Separate models were established in SPM for the four feedback runs, and two regressors consisted of the GLMs. Three experimental regressors were “view,” “NF,” and “baseline,” and the movement vectors of the realignment were involved in the GLM model. We modeled the conditions as the blocks of brain activation by convolving with function of hemodynamic response. Then, the fMRI data were filtered by high pass (128 s).
Region of interest analysis of fMRI data was performed in SPM12. A one-sample t-test of the contrasts View > Baseline, Regulation > Baseline, and View > Regulation was conducted on the single level to check the effect of NF. Then, we extracted the mean contrast value from all voxels of the hippocampus and the region of control. Beta weights were extracted from all voxels of ROI. We used a paired two-sample t-test for the contrast Regulation > Baseline to verify our directed hypothesis that the activity of hippocampus was increased in the regulate condition when compared to the view condition. We performed the ROI analysis in the hippocampus between the FG and CG.
Resting-State Data Analysis
Low Frequency Fluctuation Analysis
The DPABI was used to calculate ALFFs. To calculate ALFFs of the resting-state data, the fMRI data were smoothed using a Gaussian kernel of 8 mm (FWHM). Next, the time series was transformed into the frequency domain by a fast Fourier transform. Then we calculated the square root at each frequency in the power spectrum. ALFF values of the resting-state data were calculated in every voxel after at the frequency of the power spectrum across 0.01–0.08 Hz. We divided the ALFF of each voxel by the mean ALFF value for standardization. The T-test was performed in REST software (Zou et al., 2008).
Calculation of ReHo
Zang et al. (2004) described the specific calculation method, and the analysis of ReHo maps was performed by DPABI (Chao-Gan and Yu-Feng, 2010). ReHo computation is represented using Kendall coefficient of concordance (KCC). It may be used to explore the neuro mechanism in the resting-state. The KCC was used to calculate the ReHo maps of the time-series of a fixed voxel with the nearest 26 adjacent voxels. We divided the ReHo maps by global average value of ReHo. Then, we smoothed the values of ReHo using a kernel of 4-mm FWHM.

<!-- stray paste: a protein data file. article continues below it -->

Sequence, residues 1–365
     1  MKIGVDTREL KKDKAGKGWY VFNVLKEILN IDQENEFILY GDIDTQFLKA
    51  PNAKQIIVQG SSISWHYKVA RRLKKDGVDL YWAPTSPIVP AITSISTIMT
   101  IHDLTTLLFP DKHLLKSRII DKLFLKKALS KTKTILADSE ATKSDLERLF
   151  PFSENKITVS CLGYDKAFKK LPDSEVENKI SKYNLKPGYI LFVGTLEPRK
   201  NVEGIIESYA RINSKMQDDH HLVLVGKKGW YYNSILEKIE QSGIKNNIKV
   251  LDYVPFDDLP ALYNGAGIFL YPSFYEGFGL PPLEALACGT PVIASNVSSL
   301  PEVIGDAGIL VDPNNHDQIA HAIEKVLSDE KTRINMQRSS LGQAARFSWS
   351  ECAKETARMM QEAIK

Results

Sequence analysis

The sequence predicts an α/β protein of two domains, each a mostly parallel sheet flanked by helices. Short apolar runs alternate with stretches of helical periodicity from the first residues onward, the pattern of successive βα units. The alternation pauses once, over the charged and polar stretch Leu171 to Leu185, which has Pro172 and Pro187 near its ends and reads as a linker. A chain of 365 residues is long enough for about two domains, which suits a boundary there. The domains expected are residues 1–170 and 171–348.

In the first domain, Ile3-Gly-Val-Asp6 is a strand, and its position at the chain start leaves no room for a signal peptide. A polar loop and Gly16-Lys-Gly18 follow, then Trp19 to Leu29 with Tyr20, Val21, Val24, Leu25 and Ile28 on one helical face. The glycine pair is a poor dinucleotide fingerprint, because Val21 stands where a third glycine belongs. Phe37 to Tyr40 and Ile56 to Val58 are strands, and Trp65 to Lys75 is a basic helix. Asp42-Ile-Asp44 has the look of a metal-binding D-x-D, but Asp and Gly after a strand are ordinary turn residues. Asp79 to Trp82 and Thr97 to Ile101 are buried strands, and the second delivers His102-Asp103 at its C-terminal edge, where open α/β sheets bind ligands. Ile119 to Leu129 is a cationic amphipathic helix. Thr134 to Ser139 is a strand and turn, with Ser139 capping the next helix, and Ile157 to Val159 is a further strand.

The ReHo maps of FG and CG were calculated with a two-sample t-test. We computed the maps of ReHo from the resting-state which was scanned before and after the NF training. A paired t-test was performed on the ReHo maps of the FG and CG, and the ReHo maps were computed from the resting-state data that collected before and after the rtfMRI-NF training.
We compared the questionnaires before and after the training through a paired t-tests to analyze the effects of NF training on behavior. And the results of t-tests did not show remarkable change during NF training. However, the scale score of the experimental group showed a downward trend in the SAS before the training (M = 29.2 ± 49) compared with after the training (M = 2.56 ± 1.8) of the feedback group (FG). Moreover, subjects were asked to write down the methods they used for the success of regulation. These results are shown in Table 1
Region of interest analysis was used to verify that the change of hippocampus activity is different from the experimental group to the CG. Two ROIs were defined as spheres of 8 mm radius in the MNI, respectively, in the left hippocampus (−25, −7, −22, r = 8mm) and left intraparietal sulcus (−44, −46, 47, r = 8mm), which were used to assess changes in BOLD activity. The beta weights of conditions (“viewing” and “regulation”) from the ROIs of FG and CG were computed by a random-effect GLM. For each condition, we used the beta weights to characterize the magnitude of ROI activation during training.